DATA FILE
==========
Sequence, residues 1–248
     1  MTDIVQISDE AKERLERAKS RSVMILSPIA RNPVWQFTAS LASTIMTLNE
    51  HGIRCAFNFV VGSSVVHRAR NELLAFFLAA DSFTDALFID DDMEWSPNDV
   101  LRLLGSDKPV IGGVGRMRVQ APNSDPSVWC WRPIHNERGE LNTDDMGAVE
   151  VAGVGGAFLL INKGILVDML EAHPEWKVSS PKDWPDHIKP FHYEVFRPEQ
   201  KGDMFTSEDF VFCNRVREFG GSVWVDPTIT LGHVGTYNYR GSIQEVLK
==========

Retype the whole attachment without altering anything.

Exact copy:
Sequence, residues 1–248
     1  MTDIVQISDE AKERLERAKS RSVMILSPIA RNPVWQFTAS LASTIMTLNE
    51  HGIRCAFNFV VGSSVVHRAR NELLAFFLAA DSFTDALFID DDMEWSPNDV
   101  LRLLGSDKPV IGGVGRMRVQ APNSDPSVWC WRPIHNERGE LNTDDMGAVE
   151  VAGVGGAFLL INKGILVDML EAHPEWKVSS PKDWPDHIKP FHYEVFRPEQ
   201  KGDMFTSEDF VFCNRVREFG GSVWVDPTIT LGHVGTYNYR GSIQEVLK